Feeds

Vatican endorses Darwin, slights intelligent design

Creationism is a cultural phenomenon - like Paris Hilton

Secure remote control for conventional and virtual desktops

The Vatican gave the Creationist lobby a left right sign of the cross today, announcing it would stage a conference on Darwinism next month and declaring that it was one of the Fathers of the Church that thought up the idea in the first place.

At one point the conference at the Pontifical Gregorian University wasn't going to give Creationism or Intelligent Design a hearing at all. But apparently the organisers have relented, and will consider Intelligent Design as a "cultural phenomenon" rather than as a valid scientific theory, giving US-based IDers the chance to be smirked at by a room full of Monseigneurs, Cardinals and Bishops.

Previewing the conference yesterday, Archbishop Gianfranco Ravasi, head of the Church's Pontifical Council for Culture, conceded the Church had been hostile to Darwin on occasion. But, he said, the Church had never formally condemned Darwin, and he noted that in the last 50 years a number of Popes had accepted evolution as a valid scientific approach to human development.

Indeed, he said, evolution could be traced back through Scholastics such as St Thomas Aquinas to St Augustine in the fourth century, who had noted that "big fish eat smaller fish".

Augustine is probably more famous for praying "God, make me good - but not yet." Which also has some evolutionary overtones if you think about it.

Marc Leclerc, a natural philosopher at the University went further, saying Creationists were mistaken in arguing that that Darwinism was "totally incompatible with a religious vision of reality".

The conference, and the Church's endorsement of Darwin, represents another curve ball from the Holy See at other, arguably more fundamentalist, streams of Christianity. In December Pope Benedict tipped his hat to Galileo - who definitely was condemned by the Church - while simultaneously going all New Age by blethering on about the Solstice.

Last May, the Vatican astronomer really went out on a limb, claiming there was nothing incompatible between being a Catholic and believing in Aliens. He even suggested Aliens could be free of the stain of original sin, the stubborn blemish that has condemned humanity to a progressive decline from the Garden of Eden, through slavery, the dark ages, religious strife, atomic war, and now, the credit crunch and Simon Cowell.

But a wholesale worldview rejig this is not. Other branches of modern science get shorter shrift, with genetic manipulation fairly high on the Vatican's current don't-like list. ®

Next gen security for virtualised datacentres

More from The Register

next story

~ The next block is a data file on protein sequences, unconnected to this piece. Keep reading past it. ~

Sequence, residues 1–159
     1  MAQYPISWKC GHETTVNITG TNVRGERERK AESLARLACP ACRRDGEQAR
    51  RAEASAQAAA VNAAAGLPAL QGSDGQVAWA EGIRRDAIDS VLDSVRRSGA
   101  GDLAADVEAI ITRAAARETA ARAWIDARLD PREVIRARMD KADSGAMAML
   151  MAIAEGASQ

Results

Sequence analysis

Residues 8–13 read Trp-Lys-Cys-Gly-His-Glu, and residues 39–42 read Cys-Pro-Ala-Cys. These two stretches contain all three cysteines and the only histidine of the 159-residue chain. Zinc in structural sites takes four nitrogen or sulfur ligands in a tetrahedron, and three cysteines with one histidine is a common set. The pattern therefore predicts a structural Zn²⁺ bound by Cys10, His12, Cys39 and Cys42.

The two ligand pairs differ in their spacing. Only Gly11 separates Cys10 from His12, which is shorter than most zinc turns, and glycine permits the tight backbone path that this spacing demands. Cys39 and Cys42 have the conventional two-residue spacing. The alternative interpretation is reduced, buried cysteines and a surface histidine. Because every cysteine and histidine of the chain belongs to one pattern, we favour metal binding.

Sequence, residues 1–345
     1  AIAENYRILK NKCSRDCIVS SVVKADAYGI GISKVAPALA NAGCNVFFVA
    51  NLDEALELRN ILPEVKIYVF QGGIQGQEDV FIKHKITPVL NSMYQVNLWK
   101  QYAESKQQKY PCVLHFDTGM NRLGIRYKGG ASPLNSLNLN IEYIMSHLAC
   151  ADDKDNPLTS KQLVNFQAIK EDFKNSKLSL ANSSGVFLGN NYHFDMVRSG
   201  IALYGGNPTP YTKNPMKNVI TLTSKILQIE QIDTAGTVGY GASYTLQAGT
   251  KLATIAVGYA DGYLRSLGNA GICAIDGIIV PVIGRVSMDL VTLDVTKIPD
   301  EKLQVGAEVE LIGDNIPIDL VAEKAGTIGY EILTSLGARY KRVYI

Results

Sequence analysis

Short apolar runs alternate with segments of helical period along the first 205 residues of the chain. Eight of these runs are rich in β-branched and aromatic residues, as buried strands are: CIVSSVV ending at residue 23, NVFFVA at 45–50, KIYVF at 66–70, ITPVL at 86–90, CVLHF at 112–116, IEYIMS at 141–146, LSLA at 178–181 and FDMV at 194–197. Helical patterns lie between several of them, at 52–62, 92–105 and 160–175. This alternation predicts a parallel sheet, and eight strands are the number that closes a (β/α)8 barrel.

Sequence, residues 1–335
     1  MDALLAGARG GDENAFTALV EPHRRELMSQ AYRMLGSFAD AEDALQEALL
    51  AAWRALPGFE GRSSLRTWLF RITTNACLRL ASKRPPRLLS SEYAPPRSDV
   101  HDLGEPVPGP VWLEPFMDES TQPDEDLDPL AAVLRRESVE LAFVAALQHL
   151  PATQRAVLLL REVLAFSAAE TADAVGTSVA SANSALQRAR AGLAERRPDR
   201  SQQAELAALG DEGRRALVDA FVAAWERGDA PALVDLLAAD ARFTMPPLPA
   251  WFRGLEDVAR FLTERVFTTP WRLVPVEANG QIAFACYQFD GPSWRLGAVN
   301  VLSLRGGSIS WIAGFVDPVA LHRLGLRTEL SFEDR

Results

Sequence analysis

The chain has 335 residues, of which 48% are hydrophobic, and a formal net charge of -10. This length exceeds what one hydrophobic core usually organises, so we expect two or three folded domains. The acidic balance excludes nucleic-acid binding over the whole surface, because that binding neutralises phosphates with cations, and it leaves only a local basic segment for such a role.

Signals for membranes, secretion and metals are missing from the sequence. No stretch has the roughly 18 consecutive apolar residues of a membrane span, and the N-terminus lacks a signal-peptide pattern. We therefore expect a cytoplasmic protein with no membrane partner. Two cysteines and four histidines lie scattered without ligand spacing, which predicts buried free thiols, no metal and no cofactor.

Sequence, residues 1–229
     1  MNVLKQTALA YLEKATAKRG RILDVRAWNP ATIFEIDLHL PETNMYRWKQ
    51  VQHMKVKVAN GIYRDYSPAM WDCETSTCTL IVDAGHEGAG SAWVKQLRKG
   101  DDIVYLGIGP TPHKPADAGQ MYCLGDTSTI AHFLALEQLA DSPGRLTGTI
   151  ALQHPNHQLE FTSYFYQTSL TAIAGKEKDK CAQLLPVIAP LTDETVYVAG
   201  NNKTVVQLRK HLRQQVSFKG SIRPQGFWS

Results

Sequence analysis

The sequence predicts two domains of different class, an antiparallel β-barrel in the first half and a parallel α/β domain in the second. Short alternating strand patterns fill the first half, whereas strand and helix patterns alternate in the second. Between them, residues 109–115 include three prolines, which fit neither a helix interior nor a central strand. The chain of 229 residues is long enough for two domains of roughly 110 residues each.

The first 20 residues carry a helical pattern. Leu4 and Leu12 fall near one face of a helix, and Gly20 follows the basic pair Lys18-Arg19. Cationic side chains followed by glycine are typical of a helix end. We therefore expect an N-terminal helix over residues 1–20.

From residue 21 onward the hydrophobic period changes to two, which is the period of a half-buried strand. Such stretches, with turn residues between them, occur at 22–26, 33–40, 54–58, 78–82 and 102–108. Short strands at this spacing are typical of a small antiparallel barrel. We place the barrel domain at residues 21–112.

Gigantic toothless 'DRAGONS' dominated Earth's early skies
Gummy pterosaurs outlived toothy competitors
Vulture 2 takes a battering in 100km/h test run
Still in one piece, but we're going to need MORE POWER
TRIANGULAR orbits will help Rosetta to get up close with Comet 67P
Probe will be just 10km from Space Duck in October
Boffins ID freakish spine-smothered prehistoric critter: The CLAW gave it away
Bizarre-looking creature actually related to velvet worms
CRR-CRRRK, beep, beep: Mars space truck backs out of slippery sand trap
Curiosity finds new drilling target after course correction
'Leccy racer whacks petrols in Oz race
ELMOFO rakes in two wins in sanctioned race
What does a flashmob of 1,024 robots look like? Just like this
Sorry, Harvard, did you say kilobots or KILLER BOTS?
NASA's rock'n'roll shock: ROLLING STONE FOUND ON MARS
No sign of Ziggy Stardust and his band
Why your mum was WRONG about whiffy tattooed people
They're a future source of RENEWABLE ENERGY
prev story

Whitepapers

5 things you didn’t know about cloud backup
IT departments are embracing cloud backup, but there’s a lot you need to know before choosing a service provider. Learn all the critical things you need to know.
Implementing global e-invoicing with guaranteed legal certainty
Explaining the role local tax compliance plays in successful supply chain management and e-business and how leading global brands are addressing this.
Build a business case: developing custom apps
Learn how to maximize the value of custom applications by accelerating and simplifying their development.
Rethinking backup and recovery in the modern data center
Combining intelligence, operational analytics, and automation to enable efficient, data-driven IT organizations using the HP ABR approach.
Next gen security for virtualised datacentres
Legacy security solutions are inefficient due to the architectural differences between physical and virtual environments.